Mix It up to Stick With It!
Of course, those are not your only options—not by a long shot! Also, many fitness experts advise that the key to maintaining your fitness is to incorporate variety.
Another essential element in this equation is finding workouts and activities you love. Go hiking with your kids or grandkids, try your hand (foot?) at rollerblading, or find your zen in a hot yoga class.
More extreme ways to exercise are available for the thrill-seekers. Try bungee fitness, aerial yoga, pole dancing, or belly dancing. Find a class that gets your heart rate up, works your muscles, and keeps you smiling!
Of course, there’s nothing wrong with traditional classes either. Crossfit, kettlebell circuits, HIIT, Peloton, kickboxing, and water aerobics each provide a different way to work your muscles.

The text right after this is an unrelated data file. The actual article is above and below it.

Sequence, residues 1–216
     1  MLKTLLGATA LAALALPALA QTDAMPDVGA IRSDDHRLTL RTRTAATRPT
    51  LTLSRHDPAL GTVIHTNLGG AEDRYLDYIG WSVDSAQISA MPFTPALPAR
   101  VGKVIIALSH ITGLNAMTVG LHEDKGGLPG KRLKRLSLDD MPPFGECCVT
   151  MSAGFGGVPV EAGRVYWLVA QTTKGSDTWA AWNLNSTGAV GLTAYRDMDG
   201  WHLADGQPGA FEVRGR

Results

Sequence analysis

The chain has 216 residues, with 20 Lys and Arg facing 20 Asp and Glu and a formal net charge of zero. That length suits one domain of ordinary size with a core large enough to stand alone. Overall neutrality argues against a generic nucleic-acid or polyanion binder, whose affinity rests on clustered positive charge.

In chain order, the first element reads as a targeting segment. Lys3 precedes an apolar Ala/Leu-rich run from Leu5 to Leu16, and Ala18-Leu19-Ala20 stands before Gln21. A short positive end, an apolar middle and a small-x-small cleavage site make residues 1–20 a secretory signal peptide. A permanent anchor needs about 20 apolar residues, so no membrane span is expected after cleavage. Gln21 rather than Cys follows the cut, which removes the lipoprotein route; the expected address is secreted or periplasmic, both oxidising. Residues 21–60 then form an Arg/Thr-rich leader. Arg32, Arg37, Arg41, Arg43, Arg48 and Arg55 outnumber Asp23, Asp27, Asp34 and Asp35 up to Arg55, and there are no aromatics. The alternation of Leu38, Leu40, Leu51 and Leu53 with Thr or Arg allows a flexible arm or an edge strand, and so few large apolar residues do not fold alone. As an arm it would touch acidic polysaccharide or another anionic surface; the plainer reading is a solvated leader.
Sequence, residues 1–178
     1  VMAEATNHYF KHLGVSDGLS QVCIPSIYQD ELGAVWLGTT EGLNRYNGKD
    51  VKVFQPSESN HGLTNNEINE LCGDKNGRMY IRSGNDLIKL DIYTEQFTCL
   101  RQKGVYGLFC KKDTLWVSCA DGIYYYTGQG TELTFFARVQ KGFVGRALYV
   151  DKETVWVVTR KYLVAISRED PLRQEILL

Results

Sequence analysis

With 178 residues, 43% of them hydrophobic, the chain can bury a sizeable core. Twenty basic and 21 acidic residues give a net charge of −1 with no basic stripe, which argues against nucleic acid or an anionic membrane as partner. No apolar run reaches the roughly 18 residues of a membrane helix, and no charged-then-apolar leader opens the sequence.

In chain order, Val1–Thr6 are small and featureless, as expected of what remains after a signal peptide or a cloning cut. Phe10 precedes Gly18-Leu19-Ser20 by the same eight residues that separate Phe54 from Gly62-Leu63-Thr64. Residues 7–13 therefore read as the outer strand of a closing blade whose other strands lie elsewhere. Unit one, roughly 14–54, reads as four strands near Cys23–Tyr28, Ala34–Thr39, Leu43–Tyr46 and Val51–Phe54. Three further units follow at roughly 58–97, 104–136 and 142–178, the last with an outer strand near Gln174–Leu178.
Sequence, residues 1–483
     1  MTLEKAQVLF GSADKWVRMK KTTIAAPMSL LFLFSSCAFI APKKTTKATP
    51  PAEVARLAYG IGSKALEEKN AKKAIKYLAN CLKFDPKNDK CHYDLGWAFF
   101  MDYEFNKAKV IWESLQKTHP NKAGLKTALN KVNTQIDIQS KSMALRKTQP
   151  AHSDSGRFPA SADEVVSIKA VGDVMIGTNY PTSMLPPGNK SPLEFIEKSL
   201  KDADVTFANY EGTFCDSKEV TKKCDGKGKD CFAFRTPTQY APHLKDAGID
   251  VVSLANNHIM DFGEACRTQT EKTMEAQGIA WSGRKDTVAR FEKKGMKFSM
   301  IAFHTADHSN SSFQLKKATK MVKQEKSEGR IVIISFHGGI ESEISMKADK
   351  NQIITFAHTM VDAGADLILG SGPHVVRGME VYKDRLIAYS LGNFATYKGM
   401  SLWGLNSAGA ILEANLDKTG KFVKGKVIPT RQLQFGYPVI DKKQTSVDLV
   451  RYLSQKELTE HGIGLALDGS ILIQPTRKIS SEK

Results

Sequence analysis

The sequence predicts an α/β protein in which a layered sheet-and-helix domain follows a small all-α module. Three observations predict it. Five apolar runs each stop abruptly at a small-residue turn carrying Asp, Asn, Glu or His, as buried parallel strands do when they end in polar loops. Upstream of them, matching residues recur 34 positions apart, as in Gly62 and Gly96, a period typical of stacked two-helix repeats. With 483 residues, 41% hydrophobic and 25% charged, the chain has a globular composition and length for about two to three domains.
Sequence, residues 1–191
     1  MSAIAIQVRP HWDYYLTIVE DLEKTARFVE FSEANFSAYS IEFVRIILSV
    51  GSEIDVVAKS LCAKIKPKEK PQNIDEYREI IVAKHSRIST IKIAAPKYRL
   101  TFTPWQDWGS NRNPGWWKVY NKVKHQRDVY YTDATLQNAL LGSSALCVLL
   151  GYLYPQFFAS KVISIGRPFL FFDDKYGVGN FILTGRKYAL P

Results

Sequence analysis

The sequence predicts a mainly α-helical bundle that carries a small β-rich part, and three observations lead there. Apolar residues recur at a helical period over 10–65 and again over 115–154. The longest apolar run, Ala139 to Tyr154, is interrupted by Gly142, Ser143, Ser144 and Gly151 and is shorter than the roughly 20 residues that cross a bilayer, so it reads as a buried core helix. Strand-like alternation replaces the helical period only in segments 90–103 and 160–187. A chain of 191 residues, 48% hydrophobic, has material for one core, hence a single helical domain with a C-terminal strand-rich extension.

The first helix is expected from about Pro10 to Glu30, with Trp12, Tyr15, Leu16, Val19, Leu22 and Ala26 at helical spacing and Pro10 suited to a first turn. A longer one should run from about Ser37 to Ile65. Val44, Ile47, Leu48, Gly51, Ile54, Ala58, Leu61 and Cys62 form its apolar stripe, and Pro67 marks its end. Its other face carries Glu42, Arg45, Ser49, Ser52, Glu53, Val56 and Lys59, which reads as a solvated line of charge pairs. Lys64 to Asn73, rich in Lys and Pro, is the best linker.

Many people still have this idea that workouts aren’t supposed to be fun, or that if you’re not slogging away the miles on a treadmill, you’re not getting exercise. Nothing could be further than the truth!
Determine Your Exercise Goals
Before you can build a workout plan that works for you, it’s a good idea to consider what you want to get out of your scheduled physical activity.
Are you trying to lose weight? Want to shore up your bones and muscles against the ravages of aging? Maybe you want to complete a 5K or half-marathon a few months in the future.